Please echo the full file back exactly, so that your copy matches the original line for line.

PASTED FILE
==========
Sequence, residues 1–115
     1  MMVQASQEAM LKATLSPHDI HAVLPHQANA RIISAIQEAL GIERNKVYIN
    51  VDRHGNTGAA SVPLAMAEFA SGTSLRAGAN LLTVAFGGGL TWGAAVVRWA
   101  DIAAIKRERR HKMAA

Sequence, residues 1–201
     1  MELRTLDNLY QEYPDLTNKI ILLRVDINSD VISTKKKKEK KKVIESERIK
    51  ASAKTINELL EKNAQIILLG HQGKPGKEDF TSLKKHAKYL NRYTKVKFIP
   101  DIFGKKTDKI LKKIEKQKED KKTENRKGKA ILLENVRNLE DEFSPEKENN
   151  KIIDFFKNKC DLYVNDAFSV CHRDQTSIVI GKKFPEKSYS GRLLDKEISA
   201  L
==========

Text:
Sequence, residues 1–115
     1  MMVQASQEAM LKATLSPHDI HAVLPHQANA RIISAIQEAL GIERNKVYIN
    51  VDRHGNTGAA SVPLAMAEFA SGTSLRAGAN LLTVAFGGGL TWGAAVVRWA
   101  DIAAIKRERR HKMAA

Sequence, residues 1–201
     1  MELRTLDNLY QEYPDLTNKI ILLRVDINSD VISTKKKKEK KKVIESERIK
    51  ASAKTINELL EKNAQIILLG HQGKPGKEDF TSLKKHAKYL NRYTKVKFIP
   101  DIFGKKTDKI LKKIEKQKED KKTENRKGKA ILLENVRNLE DEFSPEKENN
   151  KIIDFFKNKC DLYVNDAFSV CHRDQTSIVI GKKFPEKSYS GRLLDKEISA
   201  L